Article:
Taiwan, America, China: Agreeing only to Disagree

A letter to the editor appears in the Wall Street Journal today that offers an unusually cogent description of America's position on Taiwan. The letter by John J Tkacik illustrates the price that America and Taiwan both pay for America's general reluctance to state its view plainly.

America's official position is that Taiwan's status remains undecided. The agreement America reached with China in 1972 was not that Taiwan was part of China, but acknowledgement only that the Chinese government thought so. In effect, it was agreement to disagree.

Mr Tkacik writes:

As a US foreign service officer I worked on China and Taiwan affairs for 20 years, and I can attest that the US has never subscribed to China's territorial claims on Taiwan. Nor did President Richard Nixon ever publicly articulate such a policy.

.... Nixon's public policy was 'dual representation' in support of UN seats for both Taipei and Beijing. To this day, official US policy eschews recognition of China's claims to Taiwan. As recently as June 2007, the State Department's response (drafted by the Office of the Legal Advisor) to citizens concerned about Taiwan was that the U.S. has 'not formally recognized Chinese sovereignty over Taiwan and [has] not made any determination as to Taiwan's political status.'

In 2007, the US became alarmed that the UN Secretariat had issued documents asserting that the UN considered 'Taiwan for all purposes to be an integral part of the PRC.' US diplomats informed the secretariat that 'while that assertion was consistent with the Chinese position, it is not universally held by UN member states, including the United States.'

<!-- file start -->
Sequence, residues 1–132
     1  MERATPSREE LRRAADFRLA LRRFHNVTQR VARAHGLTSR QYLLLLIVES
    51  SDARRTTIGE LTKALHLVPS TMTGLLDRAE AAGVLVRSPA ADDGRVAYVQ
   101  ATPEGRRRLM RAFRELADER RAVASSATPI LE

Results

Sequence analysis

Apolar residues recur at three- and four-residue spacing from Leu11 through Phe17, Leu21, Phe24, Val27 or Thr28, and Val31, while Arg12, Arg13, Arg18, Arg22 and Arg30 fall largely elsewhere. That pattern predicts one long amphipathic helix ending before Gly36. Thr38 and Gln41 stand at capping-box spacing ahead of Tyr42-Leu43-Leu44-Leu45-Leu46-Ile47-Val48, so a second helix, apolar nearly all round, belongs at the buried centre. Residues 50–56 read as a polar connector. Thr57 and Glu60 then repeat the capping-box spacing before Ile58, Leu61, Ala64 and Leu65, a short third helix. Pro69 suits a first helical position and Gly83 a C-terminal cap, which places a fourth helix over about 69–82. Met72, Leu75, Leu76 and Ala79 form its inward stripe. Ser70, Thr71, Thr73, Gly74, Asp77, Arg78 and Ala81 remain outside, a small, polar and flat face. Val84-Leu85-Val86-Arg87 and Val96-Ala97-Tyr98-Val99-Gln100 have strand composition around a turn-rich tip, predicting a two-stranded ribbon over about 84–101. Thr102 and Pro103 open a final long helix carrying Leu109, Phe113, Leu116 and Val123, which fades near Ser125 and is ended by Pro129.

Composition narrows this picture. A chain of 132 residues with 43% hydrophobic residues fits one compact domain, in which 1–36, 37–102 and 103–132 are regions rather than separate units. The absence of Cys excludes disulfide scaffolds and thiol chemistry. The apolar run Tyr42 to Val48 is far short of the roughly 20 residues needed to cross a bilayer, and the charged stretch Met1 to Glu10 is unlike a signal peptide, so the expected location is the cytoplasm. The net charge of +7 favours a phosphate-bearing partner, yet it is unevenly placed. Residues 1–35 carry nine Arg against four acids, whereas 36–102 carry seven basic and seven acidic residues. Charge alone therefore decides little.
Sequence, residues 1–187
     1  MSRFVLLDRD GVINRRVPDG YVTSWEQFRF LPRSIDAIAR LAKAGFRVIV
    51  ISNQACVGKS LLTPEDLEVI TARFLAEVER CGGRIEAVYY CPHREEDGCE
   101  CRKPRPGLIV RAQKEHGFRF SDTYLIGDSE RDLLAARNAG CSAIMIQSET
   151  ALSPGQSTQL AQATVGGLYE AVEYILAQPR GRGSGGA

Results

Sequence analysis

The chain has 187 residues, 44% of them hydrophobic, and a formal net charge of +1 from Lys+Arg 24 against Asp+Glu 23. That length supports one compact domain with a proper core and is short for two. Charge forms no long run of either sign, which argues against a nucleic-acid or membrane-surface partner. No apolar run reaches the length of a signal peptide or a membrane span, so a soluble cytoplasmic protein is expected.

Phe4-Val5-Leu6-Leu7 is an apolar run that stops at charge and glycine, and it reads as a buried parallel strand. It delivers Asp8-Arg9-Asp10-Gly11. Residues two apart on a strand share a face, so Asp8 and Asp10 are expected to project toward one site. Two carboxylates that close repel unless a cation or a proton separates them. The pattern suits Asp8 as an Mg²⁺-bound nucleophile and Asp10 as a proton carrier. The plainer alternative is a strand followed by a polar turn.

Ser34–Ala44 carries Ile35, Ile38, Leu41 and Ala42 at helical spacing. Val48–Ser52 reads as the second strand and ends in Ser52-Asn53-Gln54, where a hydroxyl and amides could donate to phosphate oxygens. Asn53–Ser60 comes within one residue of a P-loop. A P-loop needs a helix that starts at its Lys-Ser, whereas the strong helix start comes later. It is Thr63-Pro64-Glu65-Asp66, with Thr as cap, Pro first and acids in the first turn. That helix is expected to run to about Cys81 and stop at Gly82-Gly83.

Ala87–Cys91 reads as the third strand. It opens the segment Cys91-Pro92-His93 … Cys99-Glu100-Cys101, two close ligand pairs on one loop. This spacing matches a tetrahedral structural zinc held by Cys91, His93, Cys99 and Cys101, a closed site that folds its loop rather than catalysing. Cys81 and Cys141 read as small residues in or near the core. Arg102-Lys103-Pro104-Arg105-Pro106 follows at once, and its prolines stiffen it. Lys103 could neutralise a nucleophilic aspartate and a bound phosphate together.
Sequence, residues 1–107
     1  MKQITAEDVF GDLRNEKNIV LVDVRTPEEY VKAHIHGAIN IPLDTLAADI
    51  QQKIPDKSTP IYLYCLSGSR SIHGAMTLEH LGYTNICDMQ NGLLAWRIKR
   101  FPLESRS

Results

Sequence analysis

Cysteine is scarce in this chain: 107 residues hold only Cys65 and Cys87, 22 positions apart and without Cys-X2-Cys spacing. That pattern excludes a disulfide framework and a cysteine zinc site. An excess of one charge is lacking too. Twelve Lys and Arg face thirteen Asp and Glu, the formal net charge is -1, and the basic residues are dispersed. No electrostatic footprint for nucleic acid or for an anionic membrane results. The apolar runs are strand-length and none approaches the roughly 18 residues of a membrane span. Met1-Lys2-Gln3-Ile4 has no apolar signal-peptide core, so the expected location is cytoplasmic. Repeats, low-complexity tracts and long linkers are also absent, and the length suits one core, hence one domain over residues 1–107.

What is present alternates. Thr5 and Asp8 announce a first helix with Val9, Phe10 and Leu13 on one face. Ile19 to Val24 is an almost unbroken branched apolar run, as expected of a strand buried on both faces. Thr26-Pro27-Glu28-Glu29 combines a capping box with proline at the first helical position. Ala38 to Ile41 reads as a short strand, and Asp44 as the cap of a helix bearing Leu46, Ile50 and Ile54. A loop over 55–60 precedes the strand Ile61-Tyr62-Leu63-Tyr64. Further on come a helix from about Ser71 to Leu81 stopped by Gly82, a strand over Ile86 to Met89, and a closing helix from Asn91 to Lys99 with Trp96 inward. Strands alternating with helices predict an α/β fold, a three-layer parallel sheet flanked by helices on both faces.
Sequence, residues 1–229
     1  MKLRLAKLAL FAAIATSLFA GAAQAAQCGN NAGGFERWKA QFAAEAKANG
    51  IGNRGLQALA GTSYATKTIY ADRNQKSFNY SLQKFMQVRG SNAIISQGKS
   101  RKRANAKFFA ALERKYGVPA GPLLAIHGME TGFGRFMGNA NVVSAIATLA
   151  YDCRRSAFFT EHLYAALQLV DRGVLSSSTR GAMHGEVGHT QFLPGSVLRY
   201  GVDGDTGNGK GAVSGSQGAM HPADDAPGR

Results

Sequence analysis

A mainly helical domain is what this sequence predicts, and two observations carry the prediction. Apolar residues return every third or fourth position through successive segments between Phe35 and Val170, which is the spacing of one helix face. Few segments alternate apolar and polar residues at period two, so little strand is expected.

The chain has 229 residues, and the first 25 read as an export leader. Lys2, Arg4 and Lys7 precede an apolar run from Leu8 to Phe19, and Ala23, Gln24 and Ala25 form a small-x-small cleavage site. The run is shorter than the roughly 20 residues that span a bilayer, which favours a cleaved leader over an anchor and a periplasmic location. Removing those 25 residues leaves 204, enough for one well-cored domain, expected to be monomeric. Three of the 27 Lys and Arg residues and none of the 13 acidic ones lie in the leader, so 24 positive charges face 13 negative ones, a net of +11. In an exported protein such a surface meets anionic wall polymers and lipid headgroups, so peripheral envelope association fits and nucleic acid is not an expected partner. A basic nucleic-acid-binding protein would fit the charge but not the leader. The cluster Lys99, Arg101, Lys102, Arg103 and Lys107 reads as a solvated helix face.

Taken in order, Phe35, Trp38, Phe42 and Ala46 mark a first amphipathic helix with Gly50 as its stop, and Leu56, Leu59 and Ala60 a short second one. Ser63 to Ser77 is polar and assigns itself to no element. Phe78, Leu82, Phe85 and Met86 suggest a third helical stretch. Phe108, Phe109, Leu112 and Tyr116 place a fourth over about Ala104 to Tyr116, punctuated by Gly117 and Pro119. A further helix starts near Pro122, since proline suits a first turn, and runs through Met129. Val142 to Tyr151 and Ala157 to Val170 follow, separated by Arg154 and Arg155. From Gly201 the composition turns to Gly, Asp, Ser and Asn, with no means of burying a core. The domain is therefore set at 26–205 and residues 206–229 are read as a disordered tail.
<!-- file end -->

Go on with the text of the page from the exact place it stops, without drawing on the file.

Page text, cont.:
The US Mission then 'urged the UN Secretariat to review its policy on the status of Taiwan and to avoid taking sides in a sensitive matter on which UN members have agreed to disagree for over 35 years.' They warned that 'if the UN Secretariat insists on describing Taiwan as a part of the PRC, or on using nomenclature for Taiwan that implies such status, the United States will be obliged to disassociate itself on a national basis from such position.' The UN Secretariat has indeed ceased to assert that Taiwan is an integral part of China.

The full text of Mr Tkacik's letter appears at the Wall Street Journal site.


Conductor's Notebook

1 comment:

Roger said...

A listing of Basic Facts concerning Taiwan's International Legal Position was promulgated by the Formosa Nation Legal-strategy Association on Sept. 6, 2009, and is now available on the internet.

See --